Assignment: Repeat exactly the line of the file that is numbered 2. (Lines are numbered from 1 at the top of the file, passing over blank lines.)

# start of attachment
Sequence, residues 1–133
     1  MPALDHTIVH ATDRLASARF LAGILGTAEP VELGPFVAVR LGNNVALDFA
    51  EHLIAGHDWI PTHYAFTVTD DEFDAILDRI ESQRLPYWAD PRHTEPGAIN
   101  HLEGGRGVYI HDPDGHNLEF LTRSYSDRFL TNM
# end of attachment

     1  MPALDHTIVH ATDRLASARF LAGILGTAEP VELGPFVAVR LGNNVALDFA